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    There is one constant in the world, and that is change. For us here at the Big Game Fishing Journal, we have two changes to announce.
    The first is a tremendous positive: the launch of our digital edition.
    The second is one we announce with some sadness: the departure of Jim Hutchinson Jr. as the author of the Political Angler column.
    The launch of our digital edition is a benefit to our subscribers, as access is only available with a subscription to the print magazine. It's a move we are proud to make, giving our tech-savvy readers the ability to read the magazine on tablets or computers, like so many other publications.
    Active subscribers will receive a link to the digital magazine, which will allow you to connect with the websites of our advertisers and get a better look at the photos, and that is just for starters.
    While we have joined the tech world with this move, we remain loyal to our print-loving fans.
    Speaking of loyalty, there are few people whose loyalty to fishermen is as strong as that of Jim Hutchinson Jr. For as long as I have known him, he has been a staunch defender of our right to fish. Before he began writing Political Angler for the Journal, he advocated for fishermen at every turn from his post at The Fisherman magazine.
    He took that advocacy and turned it into a full-time pursuit for the last six years, working for the Recreational Fishing Alliance, which has defended and promoted access for anglers for years.
    After six years prowling the halls of Congress and meeting with anglers across the country to help them make their voices heard, Jim has returned to the publishing world and The Fisherman. Their gain — you can be sure he will continue to be a vocal advocate for our industry — is our loss, but Journal readers are fortunate in that we will get one more look at the political issues facing our industry through Jim's eyes in the May/June issue of the Journal, when Jim's final Political Angler column will appear.
    The timing of Jim's return to publishing comes just as NOAA Fisheries releases its National Saltwater Recreational Fisheries Policy, which the agency has been working on for several months. The product in part of the Morris-Deal Commission, which advocated for recognizing the different and important needs of recreational fishing from commercial fishing as saltwater fisheries management moves forward with the reauthorization of the Magnuson Stevens Fishery Conservation and Management Act.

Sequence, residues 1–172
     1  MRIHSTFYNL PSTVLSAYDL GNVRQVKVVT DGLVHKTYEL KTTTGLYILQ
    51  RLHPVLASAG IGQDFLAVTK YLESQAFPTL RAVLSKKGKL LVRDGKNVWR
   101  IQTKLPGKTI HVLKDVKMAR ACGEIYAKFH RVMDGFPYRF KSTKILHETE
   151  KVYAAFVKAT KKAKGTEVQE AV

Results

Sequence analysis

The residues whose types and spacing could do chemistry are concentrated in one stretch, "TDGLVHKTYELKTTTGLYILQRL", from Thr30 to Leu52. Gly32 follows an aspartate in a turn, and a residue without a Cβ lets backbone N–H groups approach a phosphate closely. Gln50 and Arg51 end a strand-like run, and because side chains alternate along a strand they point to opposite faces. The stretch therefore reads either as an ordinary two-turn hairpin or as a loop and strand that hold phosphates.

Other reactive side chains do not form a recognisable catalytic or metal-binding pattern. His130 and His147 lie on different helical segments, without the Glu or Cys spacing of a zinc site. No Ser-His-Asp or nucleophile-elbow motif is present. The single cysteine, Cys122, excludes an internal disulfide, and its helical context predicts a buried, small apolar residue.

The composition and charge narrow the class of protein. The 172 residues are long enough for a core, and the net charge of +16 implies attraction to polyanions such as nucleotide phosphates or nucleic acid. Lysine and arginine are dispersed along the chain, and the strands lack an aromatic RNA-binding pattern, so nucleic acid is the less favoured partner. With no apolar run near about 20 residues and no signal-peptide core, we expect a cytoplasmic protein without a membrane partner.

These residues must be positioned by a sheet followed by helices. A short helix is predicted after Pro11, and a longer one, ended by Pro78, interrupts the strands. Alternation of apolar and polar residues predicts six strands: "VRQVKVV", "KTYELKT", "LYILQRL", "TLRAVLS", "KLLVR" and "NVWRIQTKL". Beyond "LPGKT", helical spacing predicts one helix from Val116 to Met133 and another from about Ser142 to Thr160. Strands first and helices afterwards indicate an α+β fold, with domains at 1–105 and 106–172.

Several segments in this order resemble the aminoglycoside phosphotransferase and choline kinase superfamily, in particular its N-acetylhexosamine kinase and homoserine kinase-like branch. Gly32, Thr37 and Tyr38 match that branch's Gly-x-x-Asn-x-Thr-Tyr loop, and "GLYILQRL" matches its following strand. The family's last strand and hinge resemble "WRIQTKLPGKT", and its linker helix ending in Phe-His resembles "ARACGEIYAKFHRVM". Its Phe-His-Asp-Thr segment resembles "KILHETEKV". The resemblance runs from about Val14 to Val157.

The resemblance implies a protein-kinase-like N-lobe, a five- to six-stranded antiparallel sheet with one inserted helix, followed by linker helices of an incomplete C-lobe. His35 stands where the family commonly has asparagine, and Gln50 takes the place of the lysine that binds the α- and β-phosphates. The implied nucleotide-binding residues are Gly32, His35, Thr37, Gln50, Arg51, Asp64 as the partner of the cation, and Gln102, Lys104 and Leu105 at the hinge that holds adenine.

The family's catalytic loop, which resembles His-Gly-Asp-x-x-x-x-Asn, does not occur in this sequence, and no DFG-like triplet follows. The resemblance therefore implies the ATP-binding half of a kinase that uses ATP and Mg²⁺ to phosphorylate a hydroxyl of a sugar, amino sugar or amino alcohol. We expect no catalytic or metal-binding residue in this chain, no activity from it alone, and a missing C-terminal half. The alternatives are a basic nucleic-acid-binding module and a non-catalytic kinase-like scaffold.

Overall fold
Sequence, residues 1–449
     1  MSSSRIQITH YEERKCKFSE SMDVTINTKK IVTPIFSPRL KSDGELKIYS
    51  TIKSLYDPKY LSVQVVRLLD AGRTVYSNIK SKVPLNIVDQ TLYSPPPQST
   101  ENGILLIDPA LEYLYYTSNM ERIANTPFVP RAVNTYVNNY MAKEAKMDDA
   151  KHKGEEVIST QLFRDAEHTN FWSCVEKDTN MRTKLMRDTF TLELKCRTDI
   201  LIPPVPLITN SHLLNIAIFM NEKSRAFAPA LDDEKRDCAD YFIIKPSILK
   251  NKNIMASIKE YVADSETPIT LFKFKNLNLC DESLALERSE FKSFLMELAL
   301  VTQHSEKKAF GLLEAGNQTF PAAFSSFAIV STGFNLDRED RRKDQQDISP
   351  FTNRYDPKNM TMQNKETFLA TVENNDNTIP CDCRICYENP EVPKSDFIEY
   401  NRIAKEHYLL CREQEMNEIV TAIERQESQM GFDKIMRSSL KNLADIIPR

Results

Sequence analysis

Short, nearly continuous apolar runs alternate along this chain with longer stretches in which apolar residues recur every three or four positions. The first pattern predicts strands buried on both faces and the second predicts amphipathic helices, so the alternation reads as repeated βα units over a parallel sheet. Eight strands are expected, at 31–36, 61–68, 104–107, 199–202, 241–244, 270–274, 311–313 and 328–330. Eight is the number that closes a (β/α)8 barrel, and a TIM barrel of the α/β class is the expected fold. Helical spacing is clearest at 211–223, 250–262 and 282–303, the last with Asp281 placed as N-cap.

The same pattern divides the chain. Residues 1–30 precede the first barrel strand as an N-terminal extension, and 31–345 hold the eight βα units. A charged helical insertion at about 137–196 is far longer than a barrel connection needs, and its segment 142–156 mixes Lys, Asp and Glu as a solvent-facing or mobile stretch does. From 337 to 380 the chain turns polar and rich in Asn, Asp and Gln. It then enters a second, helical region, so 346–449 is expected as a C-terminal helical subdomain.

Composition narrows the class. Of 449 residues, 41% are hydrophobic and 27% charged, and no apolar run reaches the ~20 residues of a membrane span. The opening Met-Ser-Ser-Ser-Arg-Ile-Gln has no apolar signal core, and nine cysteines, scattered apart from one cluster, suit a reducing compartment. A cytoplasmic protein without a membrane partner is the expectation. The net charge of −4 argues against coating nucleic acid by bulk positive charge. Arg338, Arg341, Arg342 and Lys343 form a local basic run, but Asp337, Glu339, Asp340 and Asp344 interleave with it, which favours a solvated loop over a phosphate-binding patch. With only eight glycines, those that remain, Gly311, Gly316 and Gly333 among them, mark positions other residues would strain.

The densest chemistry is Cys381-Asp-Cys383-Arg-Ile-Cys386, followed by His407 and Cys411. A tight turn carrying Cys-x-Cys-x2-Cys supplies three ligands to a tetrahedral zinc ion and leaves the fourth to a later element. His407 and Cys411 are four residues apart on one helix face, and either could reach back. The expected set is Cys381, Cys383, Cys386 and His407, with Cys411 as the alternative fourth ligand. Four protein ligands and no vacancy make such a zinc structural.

The National Saltwater Recreational Fisheries Policy, which you can view at http://www.nmfs.noaa.gov/sfa/management/recreational/policy/index.html, says: The policy, released at the annual Progressive Insurance Miami Boat Show in mid-February, goes on to innumerate a number of ways that NOAA Fisheries will work with recreational fisheries to ensure they are properly considered in the development of management policies that support ecosystems while promoting access.
    NOAA, in a news release, said the policy, "crafted with input from recreational fishing and boating communities, conservation organizations and managers across the nation, reflects anglers’ voices on a number of existing and emerging concerns, including public access, resource stewardship, regulatory education, science innovation and better lines of communication between state and federal rulemakers with the community.
    "Recreational fishermen’s input directly helped to formulate the policy’s goals, which include: *Supporting and maintaining sustainable saltwater recreational fisheries resources, including marine and estuarine habitats; *Promoting saltwater recreational fishing for the social, cultural and economic benefit of the nation; and *Enabling enduring participation in, and enjoyment of, saltwater recreational fisheries through science-based conservation and management.
    A plan for implementing the policy will be released by mid-May, NOAA Fisheries said, with regional implementation plans to follow.
    Recreational fishing supports 381,000 jobs and generates $58 billion in annual sales impacts, according to a NOAA 2012 report. The National Marine Manufacturers Association reports recreational boating is a $36.8 billion industry and creates more than 338,526 marine industry jobs, supporting 34,833 businesses.
    Jim Hutchinson Jr., in this issue of the Journal, says the signs coming out of Washington are hinting at positive changes, enough that he says he is "cautiously optimistic about the future of our sport and our recreational fishing industry as a whole."
    If so, it's long overdue, but it's worth celebrating the hard work of those who have stood up for and continue to stand up for our right to fish.
    Some folks fear change. But not all change is bad. And just like our move to join the digital era, the thought that NOAA Fisheries is moving toward a positive attitude toward recreational fishing and what the industry means to our nation, economically and as a whole — is a change to embrace.

Karen Wall